Sri Lankan troops broke through Tamil Tiger defenses today and the government brushed off Western criticism of civilian deaths as a rebel-orchestrated bid for a last-minute reprieve.
The rebels, cornered in a coastal strip where they have held tens of thousands of civilians, for a third day accused the military of shelling the 2.5 square km (1 sq mile) no-fire zone, this time killing 45 people.
Fury, blame and recriminations from both sides have flared in the closing days of Asia's longest modern war, after the Liberation Tigers of Tamil Eelam (LTTE) said hundreds of civilians were killed in artillery barrages starting on Sunday.
The allegations are impossible to verify, since the war zone is sealed off to most outsiders and those inside cannot be considered fully independent.
The military today said soldiers and special forces troops had advanced across a narrow causeway into the south of the no-fire zone, leaving the Tigers surrounded on all sides and opening another escape route for civilians.
"When forces move forward, civilians have the pathway and are confident to move out," defense spokesman Keheliya Rambukwella told reporters.
More than 116,000 civilians fled in the days after troops broke a rebel barricade, which the government said refuted the LTTE assertion that people had chosen to stay and be part of its goal of building a separate nation for the Tamil minority.
LTTE peace secretariat head Seevaratnam Puleedevan told Reuters the army had attacked a makeshift hospital on Tuesday, killing 45 people.
Sri Lanka denied responsibility for the reported attacks, accusing the rebels of generating "shock and outrage at supposed atrocities" by forcing government-employed doctors in the war zone to give out false death tolls.
"Giving credence and acceptance to this LTTE-inspired piece of 'news', would wittingly or unwittingly aid the terrorist organization to save itself at the hour of its impending demise," a government statement said.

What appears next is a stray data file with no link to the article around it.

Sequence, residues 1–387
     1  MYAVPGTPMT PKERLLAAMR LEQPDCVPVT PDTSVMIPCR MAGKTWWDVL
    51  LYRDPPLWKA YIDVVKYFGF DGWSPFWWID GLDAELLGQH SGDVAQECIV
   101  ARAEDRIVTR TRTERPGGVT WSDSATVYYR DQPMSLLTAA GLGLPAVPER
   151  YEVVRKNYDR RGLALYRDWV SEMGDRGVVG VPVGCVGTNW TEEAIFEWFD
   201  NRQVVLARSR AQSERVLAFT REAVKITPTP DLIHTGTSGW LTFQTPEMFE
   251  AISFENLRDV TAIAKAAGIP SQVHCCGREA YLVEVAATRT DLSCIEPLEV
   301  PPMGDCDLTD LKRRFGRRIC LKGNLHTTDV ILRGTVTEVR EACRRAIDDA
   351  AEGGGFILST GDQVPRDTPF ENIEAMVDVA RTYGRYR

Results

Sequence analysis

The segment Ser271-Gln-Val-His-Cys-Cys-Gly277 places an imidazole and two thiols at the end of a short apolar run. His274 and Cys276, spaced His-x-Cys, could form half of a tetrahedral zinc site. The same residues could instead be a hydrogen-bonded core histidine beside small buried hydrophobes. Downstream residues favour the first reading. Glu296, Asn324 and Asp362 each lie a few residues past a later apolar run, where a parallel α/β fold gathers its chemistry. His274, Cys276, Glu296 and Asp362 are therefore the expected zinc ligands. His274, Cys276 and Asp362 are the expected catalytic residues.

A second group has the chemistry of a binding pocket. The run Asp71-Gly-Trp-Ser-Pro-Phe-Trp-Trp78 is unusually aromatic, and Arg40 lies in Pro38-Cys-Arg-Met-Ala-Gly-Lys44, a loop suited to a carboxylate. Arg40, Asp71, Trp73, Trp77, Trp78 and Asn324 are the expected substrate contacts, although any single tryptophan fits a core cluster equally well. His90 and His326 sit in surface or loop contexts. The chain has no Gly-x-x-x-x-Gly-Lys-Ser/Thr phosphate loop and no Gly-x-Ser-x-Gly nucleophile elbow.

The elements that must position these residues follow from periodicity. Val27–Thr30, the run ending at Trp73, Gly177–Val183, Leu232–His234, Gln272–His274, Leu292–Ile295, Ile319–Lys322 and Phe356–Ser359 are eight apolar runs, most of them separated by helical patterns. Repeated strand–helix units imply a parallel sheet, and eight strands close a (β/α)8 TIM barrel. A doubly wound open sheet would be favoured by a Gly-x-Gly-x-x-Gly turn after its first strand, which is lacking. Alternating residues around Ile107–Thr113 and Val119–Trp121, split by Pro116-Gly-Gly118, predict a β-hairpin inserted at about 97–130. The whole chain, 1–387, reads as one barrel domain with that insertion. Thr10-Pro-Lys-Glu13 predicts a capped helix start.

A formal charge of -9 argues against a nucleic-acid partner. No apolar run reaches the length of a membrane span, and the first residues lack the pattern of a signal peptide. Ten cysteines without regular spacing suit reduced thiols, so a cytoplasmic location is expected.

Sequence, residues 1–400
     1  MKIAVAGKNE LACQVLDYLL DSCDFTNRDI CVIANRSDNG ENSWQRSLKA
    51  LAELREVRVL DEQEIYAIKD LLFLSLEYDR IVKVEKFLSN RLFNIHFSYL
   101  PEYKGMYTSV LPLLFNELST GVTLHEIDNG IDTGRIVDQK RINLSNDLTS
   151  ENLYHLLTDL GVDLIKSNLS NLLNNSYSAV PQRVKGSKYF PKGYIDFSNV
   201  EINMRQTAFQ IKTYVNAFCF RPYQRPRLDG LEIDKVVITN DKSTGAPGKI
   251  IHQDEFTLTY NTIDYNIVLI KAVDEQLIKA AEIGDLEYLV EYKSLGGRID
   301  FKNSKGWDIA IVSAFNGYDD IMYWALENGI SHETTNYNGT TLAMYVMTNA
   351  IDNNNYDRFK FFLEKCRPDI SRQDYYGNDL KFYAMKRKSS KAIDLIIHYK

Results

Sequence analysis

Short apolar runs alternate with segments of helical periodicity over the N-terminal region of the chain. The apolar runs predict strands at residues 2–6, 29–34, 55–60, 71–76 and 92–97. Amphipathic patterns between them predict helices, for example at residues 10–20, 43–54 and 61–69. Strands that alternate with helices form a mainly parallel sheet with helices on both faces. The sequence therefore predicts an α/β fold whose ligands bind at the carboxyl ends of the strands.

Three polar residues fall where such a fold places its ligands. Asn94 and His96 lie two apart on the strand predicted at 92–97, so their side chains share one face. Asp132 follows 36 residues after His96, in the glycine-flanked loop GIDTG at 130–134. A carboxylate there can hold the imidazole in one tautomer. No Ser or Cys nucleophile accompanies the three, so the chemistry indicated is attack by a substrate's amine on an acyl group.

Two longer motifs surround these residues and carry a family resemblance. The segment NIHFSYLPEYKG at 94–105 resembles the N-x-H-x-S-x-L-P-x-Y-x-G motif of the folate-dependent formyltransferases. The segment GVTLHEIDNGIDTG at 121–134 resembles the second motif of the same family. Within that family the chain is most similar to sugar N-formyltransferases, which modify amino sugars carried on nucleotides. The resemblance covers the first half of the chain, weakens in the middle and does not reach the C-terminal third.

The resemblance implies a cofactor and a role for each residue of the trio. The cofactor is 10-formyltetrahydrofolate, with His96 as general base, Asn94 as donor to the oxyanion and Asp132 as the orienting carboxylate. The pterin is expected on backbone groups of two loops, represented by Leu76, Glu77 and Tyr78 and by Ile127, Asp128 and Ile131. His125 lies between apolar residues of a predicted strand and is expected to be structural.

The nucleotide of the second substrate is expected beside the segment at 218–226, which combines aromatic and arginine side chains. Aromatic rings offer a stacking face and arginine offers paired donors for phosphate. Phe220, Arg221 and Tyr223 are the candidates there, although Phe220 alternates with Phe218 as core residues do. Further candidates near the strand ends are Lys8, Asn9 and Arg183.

British Foreign Minister David Miliband and his French counterpart, Bernard Kouchner, criticized the Sri Lanka yesterday at the United Nations, saying it had violated its pledge to protect civilians by not using heavy weapons in what appears to be the endgame of its 25-year civil war.
The two said Sri Lanka's requested $1.9 billion International Monetary Fund (IMF) loan and an EU trade preference that helps the Indian Ocean island nation's crucial garment sector should be reviewed in light of the attacks.
China, Japan, Vietnam and Russia on Monday stopped Kouchner and Miliband from getting Sri Lanka onto the Security Council agenda, diplomats said.
Sri Lanka, in a political reversal, sought the IMF loan in March to help meet a balance of payments deficit, support post-war development and boost foreign exchange reserves hovering around six weeks of import cover.
The global financial crisis has hit dollar inflows from Sri Lanka's tea, garment and diaspora employment sectors, while it struggles with rising import costs and a falling rupee currency.
However, the United Nations Security Council has said Sri Lanka should not be punished with the IMF loan, and the EU trade preference is under investigation through next year.Reuse content